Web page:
The Washington Post appears to have taken a stand against Donald Trump by unveiling a new slogan on its homepage, 'Democracy Dies in Darkness'.
Last week Trump sent out a tweet calling news media 'the enemy of the American people' in his strongest attack towards news media to date.
Trump believes news media has hindered his agenda and cast a negative light on him, and he's made no secret these beliefs by referring to news media as 'fake news'.
Don't believe the main stream (fake news) media.The White House is running VERY WELL. I inherited a MESS and am in the process of fixing it.— Donald J. Trump (@realDonaldTrump) February 18, 2017
And now, in what timing suggests is a stand against Trump's accusations towards news media, The Washington Post has unveiled its new slogan, 'Democracy Dies in Darkness', on its social media and digital products.
During the election and Trump's presidency to date, the publication has been one of the more vigorous watchdogs, most recently breaking down the president's first month in office by hours. The analysis shows he's spent 13 hours tweeting, 25 hours playing golf, six hours in intelligence briefings and 21 hours working on foreign relations.
However, The Washington Post communication director Shani George told The Huffington Post the new slogan was in no way related to Trump: "This is something we've said internally for a long time in speaking about our mission. We thought it would be a good, concise value statement that conveys who we are to the many millions of readers who have come to us for the first time over the last year."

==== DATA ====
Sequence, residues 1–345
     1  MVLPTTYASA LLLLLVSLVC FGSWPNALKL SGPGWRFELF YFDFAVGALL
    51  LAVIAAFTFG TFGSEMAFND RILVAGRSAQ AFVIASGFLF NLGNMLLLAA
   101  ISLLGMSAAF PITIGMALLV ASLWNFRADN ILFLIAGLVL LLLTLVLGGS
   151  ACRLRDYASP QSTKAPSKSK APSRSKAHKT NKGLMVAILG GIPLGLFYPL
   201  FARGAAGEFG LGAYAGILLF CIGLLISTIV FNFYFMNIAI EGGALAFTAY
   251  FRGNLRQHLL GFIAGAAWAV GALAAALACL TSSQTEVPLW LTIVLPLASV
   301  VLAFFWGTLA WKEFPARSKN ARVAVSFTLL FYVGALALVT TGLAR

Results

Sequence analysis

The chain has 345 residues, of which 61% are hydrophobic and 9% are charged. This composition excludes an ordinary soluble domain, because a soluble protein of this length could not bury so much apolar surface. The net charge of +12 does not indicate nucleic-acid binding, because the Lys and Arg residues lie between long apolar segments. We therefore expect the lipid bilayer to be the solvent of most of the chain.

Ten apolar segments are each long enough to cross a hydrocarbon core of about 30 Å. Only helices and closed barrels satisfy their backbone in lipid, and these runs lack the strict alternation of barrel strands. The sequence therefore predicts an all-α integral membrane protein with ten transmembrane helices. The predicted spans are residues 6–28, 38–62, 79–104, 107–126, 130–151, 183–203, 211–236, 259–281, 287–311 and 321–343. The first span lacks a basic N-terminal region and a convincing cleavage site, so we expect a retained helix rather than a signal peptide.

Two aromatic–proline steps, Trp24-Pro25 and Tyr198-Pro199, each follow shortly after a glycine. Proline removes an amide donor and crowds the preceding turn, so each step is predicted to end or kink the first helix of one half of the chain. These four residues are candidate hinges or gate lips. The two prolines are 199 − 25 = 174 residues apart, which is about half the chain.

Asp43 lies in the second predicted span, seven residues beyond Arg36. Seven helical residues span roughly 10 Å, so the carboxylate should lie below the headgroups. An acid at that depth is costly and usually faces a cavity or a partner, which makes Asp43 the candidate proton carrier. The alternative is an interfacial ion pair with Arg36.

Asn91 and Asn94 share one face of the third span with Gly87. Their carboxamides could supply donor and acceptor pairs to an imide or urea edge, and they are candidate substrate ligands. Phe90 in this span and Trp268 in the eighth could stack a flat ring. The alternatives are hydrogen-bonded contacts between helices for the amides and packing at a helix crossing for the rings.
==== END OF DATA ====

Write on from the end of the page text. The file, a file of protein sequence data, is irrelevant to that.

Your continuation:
No matter what its intentions are, people have been quick to take to Twitter and mock it.
wow, the washington post’s new slogan is pretty dark pic.twitter.com/6yxzZ2EC5G— Tom Phillips (@flashboy) February 22, 2017
there's emo, emocore, and then there's the new Washington Post banner pic.twitter.com/fEKgcf1K57— Esther Webber (@estwebber) February 22, 2017
But it's not just The Washington Post that's marked its support for news following Trump's attacks towards news media.
At the upcoming Academy Awards, The New York Times will air a TVC from its campaign that confirms the publication's search for the truth and understanding of its importance.